In poetry, more than in other genres, connotation is paramount to the enrichment of meaning in words which are fewer than in other forms of literature. Thus, poets choose words very carefully. In, for instance, a short poem by Emily Dickinson, "There is no Frigate like a Book,"
There is no Frigate like a Book
To take us Lands away
Nor any Coursers like a Page
Of prancing Poetry--
This Traverse may the poorest take
Without oppres of Toll--
How frugal is the Chariot
That bears the Human soul.
much of the meaning comes from the selection by Miss Dickinson of frigate rather than steamship; coursers rather than horses, and chariot rather than streetcar although the words are synonyms and have similar denotations. However, frigate conjures the idea of mystery and adventure and exploration; and, coursers is much more romantic than the common word, horses. So, too, is chariot as it sujects exotic lands and mythology with Phaeton who tried to drive the chariot of Apollo, as well as the famous painting of Aurora with her beautiful, charging horses. The word traverse has the suggestion of a grand crossing, not just a mere passing from one point to another.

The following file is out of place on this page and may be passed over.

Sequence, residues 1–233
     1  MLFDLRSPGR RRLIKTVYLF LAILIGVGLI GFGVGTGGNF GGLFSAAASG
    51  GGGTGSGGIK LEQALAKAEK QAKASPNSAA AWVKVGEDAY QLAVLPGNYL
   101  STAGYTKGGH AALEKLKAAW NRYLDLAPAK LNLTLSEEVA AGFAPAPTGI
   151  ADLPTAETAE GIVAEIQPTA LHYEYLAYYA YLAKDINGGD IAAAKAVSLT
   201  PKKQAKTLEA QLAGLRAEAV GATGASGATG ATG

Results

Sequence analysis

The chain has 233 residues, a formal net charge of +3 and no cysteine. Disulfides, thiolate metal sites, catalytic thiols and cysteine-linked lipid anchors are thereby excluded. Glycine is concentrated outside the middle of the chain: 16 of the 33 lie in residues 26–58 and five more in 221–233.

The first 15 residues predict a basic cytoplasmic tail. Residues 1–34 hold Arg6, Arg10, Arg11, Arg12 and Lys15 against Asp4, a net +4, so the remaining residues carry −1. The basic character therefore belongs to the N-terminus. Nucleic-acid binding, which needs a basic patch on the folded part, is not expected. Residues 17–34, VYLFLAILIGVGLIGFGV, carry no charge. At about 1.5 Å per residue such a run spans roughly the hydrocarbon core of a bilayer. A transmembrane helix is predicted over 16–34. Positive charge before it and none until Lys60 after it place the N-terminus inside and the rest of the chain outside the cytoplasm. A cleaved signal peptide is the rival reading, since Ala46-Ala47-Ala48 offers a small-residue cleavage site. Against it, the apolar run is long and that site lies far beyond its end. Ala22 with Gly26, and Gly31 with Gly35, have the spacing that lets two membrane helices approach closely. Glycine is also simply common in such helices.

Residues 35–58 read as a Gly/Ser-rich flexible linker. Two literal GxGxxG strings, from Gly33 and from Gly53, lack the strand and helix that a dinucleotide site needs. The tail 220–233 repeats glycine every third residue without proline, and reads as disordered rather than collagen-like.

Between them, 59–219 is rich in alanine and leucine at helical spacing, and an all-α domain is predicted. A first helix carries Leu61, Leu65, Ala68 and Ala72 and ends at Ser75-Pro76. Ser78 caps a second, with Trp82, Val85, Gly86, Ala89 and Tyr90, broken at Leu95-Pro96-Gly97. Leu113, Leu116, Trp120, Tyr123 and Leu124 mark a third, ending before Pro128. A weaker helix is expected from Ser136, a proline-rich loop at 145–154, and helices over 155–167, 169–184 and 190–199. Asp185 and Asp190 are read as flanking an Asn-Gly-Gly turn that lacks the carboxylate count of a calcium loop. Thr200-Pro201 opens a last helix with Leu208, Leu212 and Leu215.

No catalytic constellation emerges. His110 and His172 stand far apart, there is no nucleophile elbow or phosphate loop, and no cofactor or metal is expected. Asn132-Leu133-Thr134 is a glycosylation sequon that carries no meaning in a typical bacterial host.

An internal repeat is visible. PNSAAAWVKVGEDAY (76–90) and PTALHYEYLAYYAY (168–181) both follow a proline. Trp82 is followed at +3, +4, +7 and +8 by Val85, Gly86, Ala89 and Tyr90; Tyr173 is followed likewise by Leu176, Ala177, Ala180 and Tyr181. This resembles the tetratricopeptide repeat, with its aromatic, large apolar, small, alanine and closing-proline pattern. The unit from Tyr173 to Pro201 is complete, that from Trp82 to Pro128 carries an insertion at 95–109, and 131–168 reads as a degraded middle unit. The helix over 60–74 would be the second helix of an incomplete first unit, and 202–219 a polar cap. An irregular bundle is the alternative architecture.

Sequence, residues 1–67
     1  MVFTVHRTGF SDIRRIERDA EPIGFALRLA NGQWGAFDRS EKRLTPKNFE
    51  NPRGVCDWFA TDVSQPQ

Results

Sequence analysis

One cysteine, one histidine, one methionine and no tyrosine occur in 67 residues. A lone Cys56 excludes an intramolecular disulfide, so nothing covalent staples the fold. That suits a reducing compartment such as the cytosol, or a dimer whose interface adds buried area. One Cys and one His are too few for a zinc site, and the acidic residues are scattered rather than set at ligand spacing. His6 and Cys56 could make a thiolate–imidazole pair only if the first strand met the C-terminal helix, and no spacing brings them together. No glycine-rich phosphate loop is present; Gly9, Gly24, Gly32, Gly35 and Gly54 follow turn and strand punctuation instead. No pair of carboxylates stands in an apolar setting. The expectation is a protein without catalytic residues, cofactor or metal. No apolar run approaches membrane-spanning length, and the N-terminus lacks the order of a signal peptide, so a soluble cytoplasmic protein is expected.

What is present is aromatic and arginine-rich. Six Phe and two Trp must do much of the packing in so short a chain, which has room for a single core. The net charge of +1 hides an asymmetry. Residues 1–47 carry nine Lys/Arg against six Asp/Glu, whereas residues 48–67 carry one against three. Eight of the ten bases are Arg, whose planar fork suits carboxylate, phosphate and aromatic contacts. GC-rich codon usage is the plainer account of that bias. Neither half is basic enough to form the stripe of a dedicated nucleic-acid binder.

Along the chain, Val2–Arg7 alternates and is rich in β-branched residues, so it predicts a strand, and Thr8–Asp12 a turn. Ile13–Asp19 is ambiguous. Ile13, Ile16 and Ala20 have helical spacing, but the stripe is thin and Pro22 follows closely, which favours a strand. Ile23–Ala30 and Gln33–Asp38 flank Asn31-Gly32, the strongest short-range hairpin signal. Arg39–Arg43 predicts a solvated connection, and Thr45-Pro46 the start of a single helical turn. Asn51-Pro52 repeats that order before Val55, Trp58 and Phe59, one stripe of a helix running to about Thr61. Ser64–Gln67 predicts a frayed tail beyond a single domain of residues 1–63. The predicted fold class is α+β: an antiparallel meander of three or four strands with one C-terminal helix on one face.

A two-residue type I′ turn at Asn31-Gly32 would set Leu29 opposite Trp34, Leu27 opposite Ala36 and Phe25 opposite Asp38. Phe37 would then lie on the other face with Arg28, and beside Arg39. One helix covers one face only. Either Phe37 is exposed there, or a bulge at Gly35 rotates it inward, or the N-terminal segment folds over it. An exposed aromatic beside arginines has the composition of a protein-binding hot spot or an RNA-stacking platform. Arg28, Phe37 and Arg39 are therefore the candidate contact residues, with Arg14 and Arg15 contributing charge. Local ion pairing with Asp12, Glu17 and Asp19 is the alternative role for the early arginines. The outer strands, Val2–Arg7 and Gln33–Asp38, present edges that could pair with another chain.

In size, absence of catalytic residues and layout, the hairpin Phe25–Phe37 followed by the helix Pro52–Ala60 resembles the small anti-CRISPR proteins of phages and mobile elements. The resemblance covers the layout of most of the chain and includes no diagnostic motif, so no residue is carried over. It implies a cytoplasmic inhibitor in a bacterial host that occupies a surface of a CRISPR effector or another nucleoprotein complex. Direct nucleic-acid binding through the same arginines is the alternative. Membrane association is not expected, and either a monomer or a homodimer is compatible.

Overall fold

Of course, some words have variable denotations, and while writers are careful to define words precisely in context, the poet sometimes chooses some words purposely that have different denotations so that the word will mean different things at the same time. In fact, denotation often aids connotation. For example, in a poem named "Mirror," the second line reads, "Whatever I see I swallow immediately/Just as it is, unmisted by love or dislike. The word swallow denotes both accepting without question and consuming or devouring; with these two denotations, there is also the connotation of both an inability to think and a destruction or obliteration.
So, while connotation of words is of paramount importance, sometimes words' connotation and denotation work well with each other.